Attaining a sustained virological response following antiviral therapy for hepatitis C was associated with a lower risk of death from liver-related or cardiovascular causes, according to findings published in the Journal of Viral Hepatitis.
Even among people with advanced liver disease, direct-acting antiviral therapy for hepatitis C virus (HCV) has a high cure rate, but successful treatment may not fully reverse existing liver damage. There is limited real-world evidence about the effects of achieving sustained virological response (SVR), or an undetectable viral load 12 weeks after completing treatment, which is considered a cure.
Vito Di Marco, MD, of the University of Palermo in Italy, and colleagues set out to investigate the progression of chronic liver disease resulting from hepatitis C after treatment with direct-acting antivirals and attaining SVR. The team assessed mortality related to liver or cardiovascular conditions among people who received antiviral therapy as well as any associated risk factors.
The researchers evaluated the post-treatment survival of 4,307 patients from the RESIST-HCV database who received antiviral therapy between March 2015 and December 2016. More than half (57%) of the study population were men, and the average age was 66. Two thirds (67%) had Child-Pugh A cirrhosis (the least severe stage) and 8.4% had Child-Pugh B (moderate severity) cirrhosis.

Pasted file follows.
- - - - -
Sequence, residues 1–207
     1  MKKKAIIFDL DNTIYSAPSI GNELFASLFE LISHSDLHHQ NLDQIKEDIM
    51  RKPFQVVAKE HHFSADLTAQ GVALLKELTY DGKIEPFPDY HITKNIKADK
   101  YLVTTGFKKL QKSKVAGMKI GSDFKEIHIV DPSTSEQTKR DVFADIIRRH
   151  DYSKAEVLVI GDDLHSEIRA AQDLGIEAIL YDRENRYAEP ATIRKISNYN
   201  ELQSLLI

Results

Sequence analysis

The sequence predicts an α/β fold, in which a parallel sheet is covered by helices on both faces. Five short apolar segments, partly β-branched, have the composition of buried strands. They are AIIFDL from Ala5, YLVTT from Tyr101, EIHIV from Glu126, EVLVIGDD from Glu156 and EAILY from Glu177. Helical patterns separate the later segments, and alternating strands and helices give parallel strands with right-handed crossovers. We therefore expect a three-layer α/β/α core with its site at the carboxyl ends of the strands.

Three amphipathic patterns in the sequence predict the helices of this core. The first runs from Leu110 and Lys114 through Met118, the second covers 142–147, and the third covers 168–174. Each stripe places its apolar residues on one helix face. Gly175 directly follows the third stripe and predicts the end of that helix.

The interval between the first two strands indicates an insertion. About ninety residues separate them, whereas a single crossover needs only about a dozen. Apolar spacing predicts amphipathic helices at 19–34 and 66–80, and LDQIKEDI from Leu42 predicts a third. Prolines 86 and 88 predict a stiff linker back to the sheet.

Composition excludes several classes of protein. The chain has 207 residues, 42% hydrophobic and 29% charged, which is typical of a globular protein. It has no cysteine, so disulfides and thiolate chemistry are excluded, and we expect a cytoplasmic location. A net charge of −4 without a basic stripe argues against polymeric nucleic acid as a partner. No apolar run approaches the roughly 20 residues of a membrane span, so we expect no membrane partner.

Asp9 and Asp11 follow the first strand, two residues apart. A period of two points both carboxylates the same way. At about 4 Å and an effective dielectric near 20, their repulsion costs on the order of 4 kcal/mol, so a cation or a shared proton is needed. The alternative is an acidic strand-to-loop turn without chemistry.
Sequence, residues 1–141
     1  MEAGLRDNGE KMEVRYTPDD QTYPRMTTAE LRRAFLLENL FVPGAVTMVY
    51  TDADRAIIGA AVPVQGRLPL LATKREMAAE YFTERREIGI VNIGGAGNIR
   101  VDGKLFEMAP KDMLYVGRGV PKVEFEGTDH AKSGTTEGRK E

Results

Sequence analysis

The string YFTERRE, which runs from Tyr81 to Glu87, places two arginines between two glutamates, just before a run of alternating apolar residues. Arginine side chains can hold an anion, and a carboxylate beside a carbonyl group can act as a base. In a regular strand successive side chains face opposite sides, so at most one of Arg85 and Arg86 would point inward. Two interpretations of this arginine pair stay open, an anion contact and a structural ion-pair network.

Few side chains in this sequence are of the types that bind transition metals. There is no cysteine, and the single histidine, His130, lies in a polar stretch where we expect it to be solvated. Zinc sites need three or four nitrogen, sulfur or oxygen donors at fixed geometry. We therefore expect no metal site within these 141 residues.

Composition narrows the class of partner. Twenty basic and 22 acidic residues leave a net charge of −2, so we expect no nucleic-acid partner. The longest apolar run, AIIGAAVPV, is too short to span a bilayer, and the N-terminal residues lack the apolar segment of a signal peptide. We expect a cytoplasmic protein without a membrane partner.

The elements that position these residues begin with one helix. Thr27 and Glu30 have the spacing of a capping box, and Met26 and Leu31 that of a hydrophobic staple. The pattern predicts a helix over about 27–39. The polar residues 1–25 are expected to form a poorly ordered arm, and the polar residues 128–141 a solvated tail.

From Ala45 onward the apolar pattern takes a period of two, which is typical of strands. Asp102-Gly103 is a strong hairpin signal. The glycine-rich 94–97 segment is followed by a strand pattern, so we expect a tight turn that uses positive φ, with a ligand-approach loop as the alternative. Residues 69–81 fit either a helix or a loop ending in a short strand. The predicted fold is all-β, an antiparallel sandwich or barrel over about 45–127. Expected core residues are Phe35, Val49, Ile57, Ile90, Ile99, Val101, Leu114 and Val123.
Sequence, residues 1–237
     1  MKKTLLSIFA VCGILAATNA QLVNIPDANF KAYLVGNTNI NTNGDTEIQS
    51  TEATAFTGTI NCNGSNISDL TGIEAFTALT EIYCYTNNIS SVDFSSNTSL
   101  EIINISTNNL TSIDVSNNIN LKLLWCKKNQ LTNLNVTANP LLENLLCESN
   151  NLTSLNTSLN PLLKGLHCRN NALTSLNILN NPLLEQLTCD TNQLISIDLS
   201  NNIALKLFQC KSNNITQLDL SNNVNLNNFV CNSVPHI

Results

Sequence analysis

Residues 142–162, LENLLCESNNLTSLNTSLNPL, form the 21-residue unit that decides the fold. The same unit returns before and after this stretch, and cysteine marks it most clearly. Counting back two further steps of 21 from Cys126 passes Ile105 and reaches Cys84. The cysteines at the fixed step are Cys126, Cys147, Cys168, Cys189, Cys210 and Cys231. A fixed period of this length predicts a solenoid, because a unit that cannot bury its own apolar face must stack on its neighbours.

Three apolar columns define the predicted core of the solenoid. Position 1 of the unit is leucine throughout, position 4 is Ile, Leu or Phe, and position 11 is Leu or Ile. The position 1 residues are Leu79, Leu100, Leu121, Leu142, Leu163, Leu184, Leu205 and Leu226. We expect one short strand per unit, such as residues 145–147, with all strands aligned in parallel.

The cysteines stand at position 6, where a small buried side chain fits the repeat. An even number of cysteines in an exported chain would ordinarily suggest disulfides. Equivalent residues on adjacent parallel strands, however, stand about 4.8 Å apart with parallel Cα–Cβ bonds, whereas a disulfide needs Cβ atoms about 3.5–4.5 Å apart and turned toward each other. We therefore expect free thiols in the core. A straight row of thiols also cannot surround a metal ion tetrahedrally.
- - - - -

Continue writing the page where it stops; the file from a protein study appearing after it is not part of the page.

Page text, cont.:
During the observation period, 59 participants(1.4%) died, with 27 deaths due to liver-related causes, 18 due to cardiovascular causes and the remaining 14 from other causes.
The researchers found that 95% of participants attained SVR. Further, SVR was linked to a lower risk of liver-related death as well as cardiovascular mortality, irrespective of cirrhosis status. Moreover, both diabetes and moderate or severe chronic kidney disease (Stage 3 or higher) were independently linked to a greater risk of cardiovascular death.
“Patients with SVR to a [direct-acting antiviral] therapy have a better liver and cardiovascular survival and the effects of HCV eradication are most evident in patients with compensated liver disease,” wrote the researchers.
Click here to read the study abstract in the Journal of Viral Hepatitis.
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